Profile By: Mary Henley
Being a librarian was not only what Genevieve Price did for a living, but also what she lived for. Price began working with the Omaha Public Library systems in 1965 and retired in 1996, so to say her life was the library is fitting. Even as a little girl with vision challenges, Price was preoccupied with libraries and reading. As a student at UNO, she devoted herself to learning about literature and how to share her passion for learning with children from all walks of life. As a librarian, Price realized her passion. From driving the Bookmobile around Omaha to providing books for underprivileged children, to serving as the assistant to the Registrar at UNO from 1945 to 1963, to working for the Omaha Public Library system, Price always knew that reading was the key to a fulfilling life. She established the Genevieve Price Historic Children’s Collection at the Omaha Public library, a collection of 7,000 children’s books, including some rare books, some signed by the authors, that can’t be found anywhere else in the country.
A look into how gender roles operate within public libraries and children's literature in particular. ...
As a child, Price was diagnosed with nearsightedness, which made it very difficult for her to read. Doctors recommended glasses and limited reading to improve her eye functions. This prescription was very difficult for Price to follow. She recalls a strong desire to, “read so badly. So in the summer time…I would crawl off into a corner and read Heidi once or twice [despite what the doctors said]” (Price). Doctors had also given Price the prognosis that she would remain sighted only until the age of fifteen. However, as it turned out, Price not only kept her sight, but it began to improve over time. Price made up for a lost reading time during her early years when she went to college: “I spent a lot of time in the library and liked it” (Price). The library provided a space
Price bequeathed her love of reading to the children of the Omaha community. She began her career with the Omaha Public Library by working on the bookmobile. The bookmobile mostly served Catholic schools and was only sent out by request. Price recalls that spreading literacy was a difficult and daunting task, which was seemingly impossible at times:
“We went out to east Omaha one summer… the children would come and they were very poor children, their parents would still be in bed. One little boy would come every time with a sack of candy and his parents had given him money and told him to go get some breakfast…Those children bothered me because their parents couldn’t read or write, and we couldn’t see much hope for them. Being there one hour a week, we couldn’t do much for them; they would
Price not only arranged book talks and puppet shows with dolls and clothing that she had sewn herself, she also created a historical children’s literature section for the library. The collection is compiled of books from other branches of the Omaha Public Libraries throughout the city. The historical section was not comprised of books based on historical events, but rather children’s books that were published before the 1960s. Had Price not stepped in and repurposed the children’s books, they would have been rendered useless and thrown out. These books proved to be not only useful to Omaha children and homeschooled students, but to students studying to be librarians and educators. Price tells a story of a college student she had spotted in the children’s historical section over several days. When Price asked why he was there, he replied, “I have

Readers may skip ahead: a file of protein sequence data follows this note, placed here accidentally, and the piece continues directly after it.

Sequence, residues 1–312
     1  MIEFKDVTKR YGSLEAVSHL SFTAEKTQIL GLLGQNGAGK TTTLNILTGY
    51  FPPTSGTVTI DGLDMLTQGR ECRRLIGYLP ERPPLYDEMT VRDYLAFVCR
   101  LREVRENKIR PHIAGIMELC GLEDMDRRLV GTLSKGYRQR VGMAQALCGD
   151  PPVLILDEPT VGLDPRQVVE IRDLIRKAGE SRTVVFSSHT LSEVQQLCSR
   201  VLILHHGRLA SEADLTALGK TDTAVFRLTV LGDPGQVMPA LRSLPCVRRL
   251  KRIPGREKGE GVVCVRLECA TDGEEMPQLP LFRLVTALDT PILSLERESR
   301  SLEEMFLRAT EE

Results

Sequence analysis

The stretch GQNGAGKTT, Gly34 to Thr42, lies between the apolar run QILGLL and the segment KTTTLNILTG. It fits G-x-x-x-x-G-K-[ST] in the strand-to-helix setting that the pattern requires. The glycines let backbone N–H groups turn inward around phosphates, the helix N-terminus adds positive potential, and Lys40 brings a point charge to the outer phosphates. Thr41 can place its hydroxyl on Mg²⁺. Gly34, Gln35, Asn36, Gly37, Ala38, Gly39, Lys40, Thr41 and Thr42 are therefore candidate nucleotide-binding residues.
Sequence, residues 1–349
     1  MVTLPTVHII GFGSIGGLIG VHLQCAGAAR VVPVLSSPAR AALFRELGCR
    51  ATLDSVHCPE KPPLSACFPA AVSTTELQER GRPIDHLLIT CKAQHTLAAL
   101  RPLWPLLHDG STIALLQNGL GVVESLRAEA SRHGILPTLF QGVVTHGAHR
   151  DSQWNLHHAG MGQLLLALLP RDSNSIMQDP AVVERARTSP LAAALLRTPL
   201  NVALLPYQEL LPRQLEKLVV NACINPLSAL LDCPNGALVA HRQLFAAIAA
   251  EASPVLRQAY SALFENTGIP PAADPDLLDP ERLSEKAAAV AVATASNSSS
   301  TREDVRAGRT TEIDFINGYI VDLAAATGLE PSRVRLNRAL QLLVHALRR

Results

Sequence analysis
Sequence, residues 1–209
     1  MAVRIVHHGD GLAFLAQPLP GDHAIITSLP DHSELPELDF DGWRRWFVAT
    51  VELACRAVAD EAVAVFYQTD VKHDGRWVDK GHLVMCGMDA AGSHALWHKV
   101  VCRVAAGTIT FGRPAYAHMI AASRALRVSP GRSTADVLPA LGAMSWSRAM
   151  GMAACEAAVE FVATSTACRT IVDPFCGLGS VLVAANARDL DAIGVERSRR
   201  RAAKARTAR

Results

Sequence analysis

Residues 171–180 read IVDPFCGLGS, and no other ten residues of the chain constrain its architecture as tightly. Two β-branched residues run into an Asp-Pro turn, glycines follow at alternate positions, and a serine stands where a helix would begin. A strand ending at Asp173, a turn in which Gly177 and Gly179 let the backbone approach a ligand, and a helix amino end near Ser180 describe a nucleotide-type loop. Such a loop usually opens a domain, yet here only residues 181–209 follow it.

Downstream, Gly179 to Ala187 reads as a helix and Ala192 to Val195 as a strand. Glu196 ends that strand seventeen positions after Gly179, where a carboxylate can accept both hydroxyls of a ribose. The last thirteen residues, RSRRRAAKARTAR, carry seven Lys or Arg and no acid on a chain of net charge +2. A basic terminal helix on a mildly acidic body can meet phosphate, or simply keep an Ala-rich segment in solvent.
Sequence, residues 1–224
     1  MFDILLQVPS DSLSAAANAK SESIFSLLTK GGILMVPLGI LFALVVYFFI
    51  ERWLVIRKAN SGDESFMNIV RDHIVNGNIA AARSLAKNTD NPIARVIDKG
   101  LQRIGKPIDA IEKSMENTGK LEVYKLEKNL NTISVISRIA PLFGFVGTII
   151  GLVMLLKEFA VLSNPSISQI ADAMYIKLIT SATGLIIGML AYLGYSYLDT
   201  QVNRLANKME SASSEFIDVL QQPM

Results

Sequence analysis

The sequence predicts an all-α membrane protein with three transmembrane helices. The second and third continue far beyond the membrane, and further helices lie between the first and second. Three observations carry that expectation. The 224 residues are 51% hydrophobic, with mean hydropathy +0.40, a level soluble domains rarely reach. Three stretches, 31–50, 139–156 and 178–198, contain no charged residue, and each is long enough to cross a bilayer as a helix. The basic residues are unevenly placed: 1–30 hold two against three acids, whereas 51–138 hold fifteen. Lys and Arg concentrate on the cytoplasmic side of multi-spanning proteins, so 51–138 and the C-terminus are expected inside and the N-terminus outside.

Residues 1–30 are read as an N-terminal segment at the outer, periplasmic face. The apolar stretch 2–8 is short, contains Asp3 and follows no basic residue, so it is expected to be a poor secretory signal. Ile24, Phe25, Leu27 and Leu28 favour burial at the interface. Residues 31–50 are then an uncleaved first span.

Price also valued her role as advocate for the children who visited the library, feeling that she was their representative in the adult world. She also had many strong opinions about being a librarian. “The adults will complain if they don’t like things, but the children don’t. At least, they don’t know how, or where to complain if they do [have concerns].” Price remarked that she felt it was her personal duty to protect the wishes of the children she served, especially as a children’s librarian: “Children’s librarians are more people-oriented and adult librarians are more book-oriented…” (Price). Given her strength of conviction, it is easy to understand why Price was promoted to a supervisory position in one of the library branches, which shattered both gender barriers and specialty areas that were favored at the time. While Price was never
Genevieve Price has always been determined, diligent, and patient. Those distinctive qualities are essential for the type of work to which she devoted her life. She was determined to introduce children to the library and the world of literature. She was diligent in protecting the innocence of children’s minds and, in turn, allowing them to remain kids for as long as possible. Her patience was utilized in her interactions with both children and adults. Price took great pains to select books that would hold the interest of a particular child so that s/he would continue to enjoy reading and visiting the library. Patience was also used when encountering the trials of a gendered workplace. These different components made it possible for her to do what she truly loved and encourage children to do the same. All of these qualities underscore